When asked why he kept robbing banks, serial American thief Willie Sutton replied “because that’s where the money is”. Sutton’s Law still very much applies to this day, and casinos in particular have long since been a target for scammers, cheats and outright criminals.
As a notorious game for high rollers, where skill forms a huge part of the equation, blackjack is often a target for those who would thieve their way to riches at the expense of the House. It’s the perfect mix between simplicity and complexity for scammers and cheats to get involved – not to mention the ability to make serious money over a single sitting.
Casinos are in business to make money, in stark opposition to their customers who universally hope to get lucky. But when it comes to scammers and cheats, there are a number of unacceptable practices that can, if executed correctly, skew the odds in their favour.
From card counters and markers through to those who record hands, there are an infinite number of ways casino cheats try to scam their way to justice. At the same time, casinos are heavily incentivised to ensure fair play, and in the process protect their business from rogue players.
Blackjack Decks – How An Extra Pack or Two Changes Everything
Traditionally, blackjack was a game played with a single deck, and cards were discarded after every hand until the deck was exhausted. When you consider this from the point of view of card counting, this limits the numbers of possible cards and combinations significantly, bringing it into line with numbers most people can work with.
For example, you’re sitting wondering whether the dealer has a strong hand. But you already know you’re two-thirds of the way through the deck, and from there, and based on your mental recording of all the cards drawn, you know there are still plenty of high cards left in the deck. Do you stand, or do you up the ante?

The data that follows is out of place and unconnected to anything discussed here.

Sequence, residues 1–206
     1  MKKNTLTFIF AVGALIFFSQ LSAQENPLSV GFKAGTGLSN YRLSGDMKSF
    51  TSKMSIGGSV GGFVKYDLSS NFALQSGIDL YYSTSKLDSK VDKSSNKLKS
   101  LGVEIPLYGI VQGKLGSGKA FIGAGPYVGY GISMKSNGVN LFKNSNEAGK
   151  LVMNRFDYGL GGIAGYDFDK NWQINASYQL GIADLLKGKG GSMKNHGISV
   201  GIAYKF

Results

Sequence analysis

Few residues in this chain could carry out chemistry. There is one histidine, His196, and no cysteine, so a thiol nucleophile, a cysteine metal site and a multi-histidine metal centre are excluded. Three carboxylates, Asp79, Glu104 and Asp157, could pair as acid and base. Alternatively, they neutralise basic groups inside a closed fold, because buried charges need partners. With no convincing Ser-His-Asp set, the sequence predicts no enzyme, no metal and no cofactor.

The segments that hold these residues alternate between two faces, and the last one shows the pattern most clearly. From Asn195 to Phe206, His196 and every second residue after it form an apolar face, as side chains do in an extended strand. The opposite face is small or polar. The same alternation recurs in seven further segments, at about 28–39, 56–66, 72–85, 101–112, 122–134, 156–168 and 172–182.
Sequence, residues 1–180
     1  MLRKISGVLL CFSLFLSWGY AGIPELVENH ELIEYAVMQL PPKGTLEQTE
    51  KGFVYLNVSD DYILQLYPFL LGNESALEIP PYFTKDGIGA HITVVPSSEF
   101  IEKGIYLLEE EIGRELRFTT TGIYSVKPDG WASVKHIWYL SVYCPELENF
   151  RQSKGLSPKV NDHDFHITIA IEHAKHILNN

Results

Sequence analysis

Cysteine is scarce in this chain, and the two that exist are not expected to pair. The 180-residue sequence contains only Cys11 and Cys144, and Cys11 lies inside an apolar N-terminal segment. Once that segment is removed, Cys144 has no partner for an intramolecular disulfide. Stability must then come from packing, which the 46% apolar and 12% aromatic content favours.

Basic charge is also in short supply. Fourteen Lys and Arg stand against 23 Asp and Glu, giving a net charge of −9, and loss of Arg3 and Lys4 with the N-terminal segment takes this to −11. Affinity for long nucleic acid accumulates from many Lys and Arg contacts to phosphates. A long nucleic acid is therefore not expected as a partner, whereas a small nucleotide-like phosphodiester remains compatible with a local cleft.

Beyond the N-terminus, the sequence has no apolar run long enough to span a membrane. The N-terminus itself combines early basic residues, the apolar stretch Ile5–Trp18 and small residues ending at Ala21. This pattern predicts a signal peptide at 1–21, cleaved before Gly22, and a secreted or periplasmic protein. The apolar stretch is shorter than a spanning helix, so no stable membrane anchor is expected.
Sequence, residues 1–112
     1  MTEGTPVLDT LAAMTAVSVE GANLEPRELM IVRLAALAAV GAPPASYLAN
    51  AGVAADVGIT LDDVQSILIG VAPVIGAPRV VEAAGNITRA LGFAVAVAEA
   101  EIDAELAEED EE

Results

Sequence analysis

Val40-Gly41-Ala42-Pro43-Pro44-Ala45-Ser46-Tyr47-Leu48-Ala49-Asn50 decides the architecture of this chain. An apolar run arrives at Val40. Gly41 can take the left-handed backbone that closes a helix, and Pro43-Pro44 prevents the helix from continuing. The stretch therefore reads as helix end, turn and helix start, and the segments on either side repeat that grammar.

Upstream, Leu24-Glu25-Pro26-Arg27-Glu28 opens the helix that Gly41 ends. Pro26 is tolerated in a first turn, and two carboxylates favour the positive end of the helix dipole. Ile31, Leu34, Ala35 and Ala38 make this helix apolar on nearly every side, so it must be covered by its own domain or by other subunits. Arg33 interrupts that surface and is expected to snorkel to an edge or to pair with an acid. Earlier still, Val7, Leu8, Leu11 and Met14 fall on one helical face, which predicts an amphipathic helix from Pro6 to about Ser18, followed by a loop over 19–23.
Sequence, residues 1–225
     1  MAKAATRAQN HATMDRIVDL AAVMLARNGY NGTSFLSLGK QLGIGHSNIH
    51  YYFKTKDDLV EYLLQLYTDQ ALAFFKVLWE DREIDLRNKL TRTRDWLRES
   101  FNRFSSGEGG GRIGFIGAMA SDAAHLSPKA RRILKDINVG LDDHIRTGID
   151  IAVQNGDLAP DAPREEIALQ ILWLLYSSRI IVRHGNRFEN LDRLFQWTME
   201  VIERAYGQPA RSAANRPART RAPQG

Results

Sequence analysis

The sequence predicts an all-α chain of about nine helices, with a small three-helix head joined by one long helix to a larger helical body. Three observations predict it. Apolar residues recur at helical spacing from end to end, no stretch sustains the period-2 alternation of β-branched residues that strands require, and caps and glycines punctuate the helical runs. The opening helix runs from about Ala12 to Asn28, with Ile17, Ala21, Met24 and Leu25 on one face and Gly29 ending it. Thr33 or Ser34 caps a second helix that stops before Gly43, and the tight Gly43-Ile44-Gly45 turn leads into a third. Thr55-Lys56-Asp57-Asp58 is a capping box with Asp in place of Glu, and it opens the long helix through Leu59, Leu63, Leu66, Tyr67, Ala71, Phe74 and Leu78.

This gives players an unfair advantage against the game generally, and is a practice casinos, understandably, want to eliminate. One easy way round these types of issues is to introduce multiple decks at the same time, bolstering the total size of the shoe on the table, and duplicating the cards in play.
If you think about the difference between counting a single deck of cards (which is difficult enough), and counting through eight decks of cards, it’s clear that this all but completely rules out the possibility of this type of play.
The next line of defence from the casinos is shuffling machines. Not only do blackjack games frequently play with multiple decks, but the cards are often shuffled at the end of each hand. This runs counter to the traditional rules of the game, but is often a house rule in a bid to rule out the possibility of card counting and other forms of cheating that rely on these inherent elements of the game.
The purpose of these machines is quite simple – to make it even more difficult for players to keep track of what’s going on. For those who are intent on cheating the house, it becomes orders of magnitude more complicated to do so, allowing casino operators to regain control of the odds and their edge.
Of course, online versions of blackjack are already impervious to these threats, relying as they do on random number generators to come up with cards. That means it’s impossible to count cards on a virtual blackjack table, thus eliminating the possibility of the problem emerging online.
For those who still want to play a strong blackjack game, basic strategy goes some of the way towards reducing the house edge and making your ride as statistically profitable as possible. Beyond that, with casinos clamping down on virtually any available extra advantage, it’s down to your wits, and your luck, if you want to beat the house legitimately.